5 The number of people who are in arrears paying their bills gives us an indicator of what is happening across the board in relation to fuel poverty. Over the past two to three years, the number of people in the final category I’ve just mentioned, has stabilised– partly driven by the number of PAYG meters we’ve installed and partly mirroring the economic situation. Having said this, last year we agreed over 200,000 payment plans (for roughly 90,000 customers) – so there is still a significant group of people who are experiencing difficulty paying their bills. The positive message is that the introduction of PAYG meters in 2012 has helped reduce the number of payment plans from over 300K in the previous year

6 So what role to we have as a utility to address the issue?
As a commercial business, operating in a competitive market, the sustainability of our business depends on people paying for the electricity they use. However, as a responsible supplier, we are acutely aware of the fact that we sell a product that is critical to people’s lives. For us, early engagement is essential and we work hand in hand with MABS and SVP, to proactively communicate with customers who are having problems paying their bills. Title of presentation and date

7 Annual Disconnections per 10K Domestic Customers
Disconnection for non-payment is an absolutely last resort and only customers who don’t engage with us run the risk of disconnection. You can see from the chart here that the level of disconnections by Electric Ireland has fallen consistently since Over the past two years we have had the lowest level of disconnections per 10K customers. In 2013, our disconnection numbers dropped to 5k (or 40/10K customers) and YTD our disconnection levels are 600 lower than this time last year. We are forecasting our Disconnection rate for non payment of account to drop to 30/10K by year end. This means that 99.7% of customers that are engaging with us in trying to resolve their payment issues are not in danger of disconnection. Disconnections down to 5k in now down further 600 YTD Up to 40% of disconnections are vacant premises

8 Electricity PAYG Meters
PAYG meters have played a major role in helping customers avoid falling behind payments or in the worst case scenario, being disconnected. To date, we have installed 32k PAYG meters free of charge for customers who are in arrears (mention that we also do lifestyle PAYG meters for a fee) As well as getting the meter free of charge, customers with PAYG meters also get a 4 per cent discount. One of the huge additional benefits of PAYG meters is the discipline that it imposes on users to manage their electricity usage more efficiently. There is evidence that PAYG customers reduce their energy use by about 6 per cent annually, but our experience is that this figure is probably higher across our customer base.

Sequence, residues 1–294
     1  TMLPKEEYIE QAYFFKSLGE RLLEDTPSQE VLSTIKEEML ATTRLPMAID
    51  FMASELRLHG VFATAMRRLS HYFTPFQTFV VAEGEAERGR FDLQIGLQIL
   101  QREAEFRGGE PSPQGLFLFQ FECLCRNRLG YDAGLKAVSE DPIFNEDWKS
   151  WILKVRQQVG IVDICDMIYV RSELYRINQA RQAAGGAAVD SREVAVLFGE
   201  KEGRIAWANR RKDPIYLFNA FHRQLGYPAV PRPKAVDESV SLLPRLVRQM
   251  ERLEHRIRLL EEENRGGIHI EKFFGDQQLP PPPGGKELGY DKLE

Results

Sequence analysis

9 The voice of the customer
I am I hated opening the bills and dreading the amount I would have to pay in one lump sum One less bill to pay. They won’t cut you off after 5pm if your credit runs out. Plus they let you run over a little. More control over UR bills. Can be used to save up credit so u can have more money leading up to Christmas because of upfront credit You have to pay first and then you can use it. It sets of an alarm when it’s running low. Wanted to budget and see how much I was using. It was recommended by many people. No bills and easier to manage my money – no stress! I can’t stress enough how much PAYG meters can help people to avoid letting their bills get out of control, yet at the same time affording protection to vulnerable customers. Here is some of the feedback that we got from customers when we asked them about their reasons for moving to PAYG For cheaper rates. No bills coming in the door. Title of presentation and date

10 Pay as You Go 32k installed to date
Customer in arrears makes contact Electric Ireland contacts ESB Networks < 1 hour installation time on site Network Technician explains how it works Special Help Line 32k installed to date The process for getting a PAYG is very straight forward and they are very simple to use (reference slide) We have a video explaining the operation of a PAYG meter on our stand so that you can see what it looks like and how it works, so I’d encourage you to pop over if you haven’t seen one already. We can answer any questions you may have and provide literature Title of presentation and date